More and more, studios trolling for the next “Hunger Games” are acquiring the rights to books before they’re published; a buzzworthy title sometimes gets snapped up before an author has even finished writing. (No, aspiring scribes, it still pays to actually complete your work.)
(From the pages of the March 26 issue of Variety.)
As one studio exec puts it, book-sales figures have never guaranteed dollars at the box office, so there’s room for some risk. Turns out numbers aren’t everything. “By buying rights early,” the exec says, “you are forced to look at the core idea instead of focusing on sales figures, which can be very misleading.”
Here are some titles that were all the rage before they hit the page:
“The Right Hand”
by Derek Haas
STUDIO: Universal acquired the rights with a low-seven-figure offer in October, and attached Scott Stuber to produce.
PLOT: The fourth in a series that follows a spy so covert the government doesn’t even acknowledge he exists. In this book, he is sent to track down a missing American operative who was captured in the Russian countryside.
HOT: The book drew a lot of attention after a trailer was released to promote it in October. Universal, of course, has had some success with spy pics.
FREE ADVICE: One of the biggest reasons the “Bourne” franchise has been so successful for the studio is not only because of the quality of talent involved, but also because it has made sure to distinguish itself stylistically from traditional spy thrillers. Universal could try to repeat that feat with a director in the mold of Daniel Espinosa, who helped guide another Universal/Stuber thriller, “Safe House,” to more than $100 million at the domestic box office.
PROSPECTS: Besides “Bourne” and James Bond, studios have had trouble delivering a solid spy movie. But Universal knows how to develop and market this type of movie.
by Marcus Sakey
(Thomas & Mercer/Amazon Books)
STUDIO: Legendary Pictures, in a competitive March auction that saw several suitors vie for the property, including Chernin Entertainment, won out with a low-seven-figure offer. Joe Roth (“Oz the Great and Powerful”) is attached to produce.
PLOT: The film is set in an alternate world, in which 1% of children are born savants, called “brilliants.” A federal agent who uses his skills to become a master hunter of terrorists pursues a savant terrorist who intends to provoke civil war.
HOT: The plot screams like something out of an “X-Men” comic, and you can be sure Legendary will market it in similar fashion.
FREE ADVICE: Legendary has gotten good at not only creating large ensembles but attracting top-tier talent to join those ensembles; just look at the Batman movies and the upcoming “Man of Steel.”
PROSPECTS: The comicbook genre couldn’t be any hotter, and given how “Brilliance” has the look and feel of one, it wouldn’t be a surprise if this becomes one of the company’s top priorities.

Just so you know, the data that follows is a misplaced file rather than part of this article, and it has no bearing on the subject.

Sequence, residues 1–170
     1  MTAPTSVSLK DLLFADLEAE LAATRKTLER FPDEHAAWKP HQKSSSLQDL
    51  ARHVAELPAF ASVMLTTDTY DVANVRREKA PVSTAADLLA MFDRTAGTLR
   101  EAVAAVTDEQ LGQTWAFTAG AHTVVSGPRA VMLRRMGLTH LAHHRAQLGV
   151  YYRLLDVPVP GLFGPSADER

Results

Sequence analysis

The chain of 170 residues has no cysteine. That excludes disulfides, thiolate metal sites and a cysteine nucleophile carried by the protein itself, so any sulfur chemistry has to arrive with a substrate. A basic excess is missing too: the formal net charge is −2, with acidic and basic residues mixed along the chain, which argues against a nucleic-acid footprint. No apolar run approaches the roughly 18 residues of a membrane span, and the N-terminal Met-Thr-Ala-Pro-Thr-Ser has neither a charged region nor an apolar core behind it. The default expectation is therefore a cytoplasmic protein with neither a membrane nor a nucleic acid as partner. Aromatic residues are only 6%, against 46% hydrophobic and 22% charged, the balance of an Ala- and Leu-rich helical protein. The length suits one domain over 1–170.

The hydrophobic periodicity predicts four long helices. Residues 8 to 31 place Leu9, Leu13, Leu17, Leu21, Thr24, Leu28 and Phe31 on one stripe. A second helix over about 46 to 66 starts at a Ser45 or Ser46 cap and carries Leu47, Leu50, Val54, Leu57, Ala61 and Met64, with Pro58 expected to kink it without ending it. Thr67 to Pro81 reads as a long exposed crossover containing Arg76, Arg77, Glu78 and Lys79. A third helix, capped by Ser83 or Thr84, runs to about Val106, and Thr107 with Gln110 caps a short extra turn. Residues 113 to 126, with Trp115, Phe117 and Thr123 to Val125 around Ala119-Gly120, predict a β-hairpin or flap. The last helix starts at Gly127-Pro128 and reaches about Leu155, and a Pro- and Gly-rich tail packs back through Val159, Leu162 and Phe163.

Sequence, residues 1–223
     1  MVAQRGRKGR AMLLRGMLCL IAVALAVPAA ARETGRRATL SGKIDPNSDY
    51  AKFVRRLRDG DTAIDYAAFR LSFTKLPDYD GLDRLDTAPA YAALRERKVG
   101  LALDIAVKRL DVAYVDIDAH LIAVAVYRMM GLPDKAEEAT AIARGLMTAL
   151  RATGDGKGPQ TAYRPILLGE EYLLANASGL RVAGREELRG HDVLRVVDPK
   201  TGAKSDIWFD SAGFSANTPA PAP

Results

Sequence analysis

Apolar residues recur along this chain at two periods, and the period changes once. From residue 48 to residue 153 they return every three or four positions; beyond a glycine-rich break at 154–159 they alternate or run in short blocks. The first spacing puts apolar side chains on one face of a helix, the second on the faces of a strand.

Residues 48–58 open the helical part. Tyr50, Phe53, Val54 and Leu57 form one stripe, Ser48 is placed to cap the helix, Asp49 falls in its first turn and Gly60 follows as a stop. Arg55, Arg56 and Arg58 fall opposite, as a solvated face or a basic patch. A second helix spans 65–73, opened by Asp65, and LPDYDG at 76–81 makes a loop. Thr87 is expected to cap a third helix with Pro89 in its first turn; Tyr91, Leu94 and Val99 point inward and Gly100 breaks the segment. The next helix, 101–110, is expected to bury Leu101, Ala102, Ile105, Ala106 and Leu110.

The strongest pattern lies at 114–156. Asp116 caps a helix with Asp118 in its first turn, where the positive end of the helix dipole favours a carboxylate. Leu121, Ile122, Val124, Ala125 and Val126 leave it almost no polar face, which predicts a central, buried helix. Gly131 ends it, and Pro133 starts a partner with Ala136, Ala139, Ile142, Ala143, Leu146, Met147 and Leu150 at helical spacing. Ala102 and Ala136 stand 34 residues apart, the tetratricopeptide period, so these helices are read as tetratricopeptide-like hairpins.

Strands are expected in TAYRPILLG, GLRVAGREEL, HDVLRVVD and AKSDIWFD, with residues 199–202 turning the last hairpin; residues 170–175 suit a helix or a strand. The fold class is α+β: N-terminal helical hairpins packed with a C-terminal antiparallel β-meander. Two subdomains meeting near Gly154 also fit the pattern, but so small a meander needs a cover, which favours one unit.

STUDIO: Warner Bros. paid in the high-six figures to acquire the rights in January, and has Chernin Entertainment on board to produce.
PLOT: Unknown at this time, but given Golden’s previous works (“The Shadow Saga”), one can expect a supernatural feel to it.
HOT: Sometimes an author’s name will get studios champing at the bit, and Golden (“Talent,” “The Secret Journeys of Jack London”), whose speciality is YA horror fantasy, is one that draws that kind of attention. He’s already developing “Joe Golem and the Drowning City” with Alex Proyas.
FREE ADVICE: Given WB’s relationships with directors like Christopher Nolan and David Yates, who are capable of handling material like this, the bestcase scenario is to interest them in the project and then let them run with it.
PROSPECTS: All of Golden’s properties are still in development, and it’s unknown if his audience will carry over to theaters. That said, if there is one book genre that has seen its fanbase turn out in droves for movie adaptations, it’s YA, and Golden has a knack for it.
“The Screaming Staircase”
by Jonathan Stroud
STUDIO: Universal and Illumination Entertainment landed the rights with a low-seven-figure offer in October.
PLOT: The London-set series follows Lockwood & Co., a ramshackle psychic detection agency that contends with murderous specters and terrifying apparitions. Lockwood and his colleagues must seek a solution to an epidemic of ghosts.
HOT: Similarities to the “Harry Potter” franchise prompted Illumination — better known for producing animated films (“Despicable Me,” “The Lorax”) — to bid aggressively. Author’s “Bartimaeus” trilogy has sold 6 million copies.
FREE ADVICE: Instead of casting familiar names, bet on an open call for the leads that will help the film break them out as stars. Then attach a director like Shawn Levy (“Night at the Museum,” “Real Steel”) or Jon Favreau (“Iron Man”), who have been successful in jumpstarting a franchise.
PROSPECTS: You could do worse than model yourself after “Potter,” and Illumination’s track record speaks for itself when it comes to family fare.